Trump’s War on Knowledge

tags: Trump, anti intellectualism

Ariel Dorfman, an emeritus professor of literature at Duke University, is the author of the play "Death and the Maiden" and the forthcoming book of essays "Homeland Security Ate My Speech" and the novel "Darwin’s Ghosts."

The date October 12  has been much on my mind this year. It was on this day in 1936 that the fascist forces of General Francisco Franco celebrated El Día de la Raza, the Hispanic world’s alternate version of Columbus Day. Some three months earlier, Franco had begun a right-wing insurrection against the elected government of the Republic. His Falangist army soon controlled a large part of the country, including Salamanca. It was in the central hall of that ancient city’s university, founded in 1218 and the most renowned institute of higher learning in the land, that the fascists commemorated their “Day of the Race.” In front of numerous dignitaries and emboldened by a mob of nationalist youth and legionnaires, Franco’s friend and mentor General José Millán Astray desecrated that temple of learning with six words: ¡Abajo la inteligencia! ¡Viva la muerte! (“Down with intelligence! Long live death!”)

That phrase—so paradoxical, so absurd, so idiotic—would have been laughable had it not occurred in a Europe where Nazis were burning libraries and, along with their Italian allies, pushing innumerable artists, scientists, and writers into exile. In Spain, those words resonated no less ominously. Only weeks earlier, Federico García Lorca, one of the greatest writers in the Spanish language, a poet and playwright who had deployed the many angels of intelligence, had been executed in Granada by a nationalist death squad. Many more intellectuals were assassinated in the years that followed, along with peasants, workers, and students who had learned under the Republic to think and speak for themselves.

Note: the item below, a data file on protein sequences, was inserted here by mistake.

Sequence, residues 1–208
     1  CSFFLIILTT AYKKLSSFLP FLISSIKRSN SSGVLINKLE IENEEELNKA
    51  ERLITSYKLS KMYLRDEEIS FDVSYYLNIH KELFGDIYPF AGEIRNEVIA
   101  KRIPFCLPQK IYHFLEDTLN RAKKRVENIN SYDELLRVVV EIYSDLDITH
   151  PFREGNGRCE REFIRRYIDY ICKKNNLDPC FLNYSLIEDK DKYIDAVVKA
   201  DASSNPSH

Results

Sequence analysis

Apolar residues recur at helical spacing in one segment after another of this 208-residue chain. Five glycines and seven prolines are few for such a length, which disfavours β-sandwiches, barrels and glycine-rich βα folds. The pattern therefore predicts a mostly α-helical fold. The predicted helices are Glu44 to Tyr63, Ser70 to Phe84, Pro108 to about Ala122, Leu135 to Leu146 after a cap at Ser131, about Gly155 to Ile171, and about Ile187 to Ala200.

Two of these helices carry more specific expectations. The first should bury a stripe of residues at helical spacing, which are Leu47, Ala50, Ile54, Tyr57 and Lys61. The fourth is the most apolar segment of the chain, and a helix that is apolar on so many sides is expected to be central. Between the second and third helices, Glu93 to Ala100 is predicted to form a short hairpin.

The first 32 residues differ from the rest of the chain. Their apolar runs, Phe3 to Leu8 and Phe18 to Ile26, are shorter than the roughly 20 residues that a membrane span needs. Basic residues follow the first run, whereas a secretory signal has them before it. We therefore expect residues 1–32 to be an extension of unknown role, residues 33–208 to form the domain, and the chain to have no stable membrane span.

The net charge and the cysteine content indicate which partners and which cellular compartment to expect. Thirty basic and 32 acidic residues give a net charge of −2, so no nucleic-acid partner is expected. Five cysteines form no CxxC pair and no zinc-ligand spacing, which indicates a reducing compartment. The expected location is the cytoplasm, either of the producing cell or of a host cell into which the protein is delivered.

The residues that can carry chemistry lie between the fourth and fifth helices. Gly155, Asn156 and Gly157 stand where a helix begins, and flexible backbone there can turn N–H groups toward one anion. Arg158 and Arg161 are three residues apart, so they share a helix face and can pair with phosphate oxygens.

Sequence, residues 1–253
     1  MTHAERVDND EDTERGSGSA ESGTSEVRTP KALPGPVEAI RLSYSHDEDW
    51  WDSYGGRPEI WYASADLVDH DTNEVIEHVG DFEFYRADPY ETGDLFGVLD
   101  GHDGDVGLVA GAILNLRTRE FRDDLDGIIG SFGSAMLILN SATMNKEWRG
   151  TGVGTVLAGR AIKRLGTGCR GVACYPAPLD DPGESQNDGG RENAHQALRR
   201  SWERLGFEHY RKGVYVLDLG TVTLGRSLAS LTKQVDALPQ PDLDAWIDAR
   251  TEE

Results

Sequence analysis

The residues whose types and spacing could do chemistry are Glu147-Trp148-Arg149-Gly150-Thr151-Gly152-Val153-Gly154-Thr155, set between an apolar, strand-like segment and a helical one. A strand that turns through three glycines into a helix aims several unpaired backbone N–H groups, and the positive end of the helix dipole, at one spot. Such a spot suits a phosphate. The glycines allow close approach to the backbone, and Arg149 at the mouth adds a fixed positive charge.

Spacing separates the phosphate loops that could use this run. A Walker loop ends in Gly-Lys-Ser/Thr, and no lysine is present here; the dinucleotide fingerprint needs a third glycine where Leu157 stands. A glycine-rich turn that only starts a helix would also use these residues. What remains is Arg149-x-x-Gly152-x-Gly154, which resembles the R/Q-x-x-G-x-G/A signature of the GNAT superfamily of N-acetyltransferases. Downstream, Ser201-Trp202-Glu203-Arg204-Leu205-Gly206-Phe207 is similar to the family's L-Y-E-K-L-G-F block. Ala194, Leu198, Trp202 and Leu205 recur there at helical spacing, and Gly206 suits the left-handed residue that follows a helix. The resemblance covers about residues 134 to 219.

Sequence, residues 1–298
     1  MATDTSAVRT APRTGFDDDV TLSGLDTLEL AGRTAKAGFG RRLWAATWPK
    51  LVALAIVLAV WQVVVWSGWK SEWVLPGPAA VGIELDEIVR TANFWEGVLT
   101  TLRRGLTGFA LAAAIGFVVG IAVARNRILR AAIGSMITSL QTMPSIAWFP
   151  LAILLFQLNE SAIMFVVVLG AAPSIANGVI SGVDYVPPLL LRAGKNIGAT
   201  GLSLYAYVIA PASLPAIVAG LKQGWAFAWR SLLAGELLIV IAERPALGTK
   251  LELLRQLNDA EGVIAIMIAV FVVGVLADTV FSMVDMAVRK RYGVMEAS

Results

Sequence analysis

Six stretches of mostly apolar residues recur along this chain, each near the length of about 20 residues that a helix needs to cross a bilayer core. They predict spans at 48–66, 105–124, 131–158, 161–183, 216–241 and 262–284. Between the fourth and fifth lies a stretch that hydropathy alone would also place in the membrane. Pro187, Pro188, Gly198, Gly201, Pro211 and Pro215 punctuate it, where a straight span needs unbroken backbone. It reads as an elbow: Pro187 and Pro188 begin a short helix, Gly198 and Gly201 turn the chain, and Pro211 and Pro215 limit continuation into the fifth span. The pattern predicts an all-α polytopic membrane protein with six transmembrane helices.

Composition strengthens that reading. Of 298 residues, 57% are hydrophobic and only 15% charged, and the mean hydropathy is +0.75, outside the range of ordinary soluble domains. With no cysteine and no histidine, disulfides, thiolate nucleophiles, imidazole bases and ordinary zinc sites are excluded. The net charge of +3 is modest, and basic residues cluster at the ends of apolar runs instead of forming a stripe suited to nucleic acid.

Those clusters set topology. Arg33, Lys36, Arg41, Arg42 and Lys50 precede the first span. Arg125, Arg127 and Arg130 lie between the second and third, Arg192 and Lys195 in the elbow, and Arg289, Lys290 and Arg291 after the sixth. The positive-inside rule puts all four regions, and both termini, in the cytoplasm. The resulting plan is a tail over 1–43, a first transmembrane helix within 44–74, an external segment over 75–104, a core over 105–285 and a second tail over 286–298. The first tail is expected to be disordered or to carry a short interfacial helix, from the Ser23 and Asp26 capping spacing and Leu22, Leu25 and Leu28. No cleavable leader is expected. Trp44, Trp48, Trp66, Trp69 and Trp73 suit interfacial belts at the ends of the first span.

When I was growing up in Chile in the Fifties and Sixties, I was convinced that such a cataclysm could not happen to us. I was sure that intelligence was obviously to be hailed and death just as obviously to be deplored. The 1973 coup against the democratic government of Salvador Allende changed all that. Books were turned to ashes, musicians were shot, scientists and educators were tortured. Meanwhile, the military, inspired by the same fundamentalism and loathing that had raged in Franco’s Spain, derided intelligence and reveled in death. The intelligentsia, they insisted, was to blame for Chile’s upheavals and supposed decline.

Today, Chile is democratic and monuments are lifted to those who were martyred by the dictatorship. The generals who ordered such horrors are reviled and some have even been jailed for their atrocities. If I now feel compelled to evoke the words Millán Astray used eighty-one years ago in Salamanca, it is because they have gained a bizarre relevance in today’s America. The resurgence of nationalism in our time has not yet reached the homicidal extremes it did when Hitler, Mussolini, and Franco misruled their lands, but the United States still faces an assault on rational discourse, scientific knowledge, and objective truth. And this war on intelligence, too, despite the edulcorated pieties that come from those who carry it out, will lead to many deaths.  

There has always been a disturbing strand of anti-intellectualism in American life—the very title of Richard Hofstadter’s 1963 book—but never has an occupant of the White House exhibited such a toxic mix of ignorance and mendacity, such lack of intellectual curiosity and disregard for rigorous analysis (despite his untested boast that his IQ is “one of the highest,” certainly higher than Obama’s and a host of other worthies’). ...

Read entire article at NY Review of Books

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